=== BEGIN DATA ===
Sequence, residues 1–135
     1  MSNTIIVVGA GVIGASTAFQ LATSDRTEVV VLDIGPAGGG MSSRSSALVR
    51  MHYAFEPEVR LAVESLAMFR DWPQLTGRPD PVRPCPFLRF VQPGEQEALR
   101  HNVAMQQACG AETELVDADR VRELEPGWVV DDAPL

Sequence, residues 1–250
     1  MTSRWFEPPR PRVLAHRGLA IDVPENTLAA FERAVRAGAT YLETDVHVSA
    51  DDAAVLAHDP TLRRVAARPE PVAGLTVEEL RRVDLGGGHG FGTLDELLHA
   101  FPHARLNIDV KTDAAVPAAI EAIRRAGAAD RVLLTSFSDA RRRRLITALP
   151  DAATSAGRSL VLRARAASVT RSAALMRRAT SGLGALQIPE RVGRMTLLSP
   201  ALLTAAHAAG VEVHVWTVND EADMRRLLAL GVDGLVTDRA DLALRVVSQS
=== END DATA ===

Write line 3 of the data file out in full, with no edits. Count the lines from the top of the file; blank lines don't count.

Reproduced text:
    51  MHYAFEPEVR LAVESLAMFR DWPQLTGRPD PVRPCPFLRF VQPGEQEALR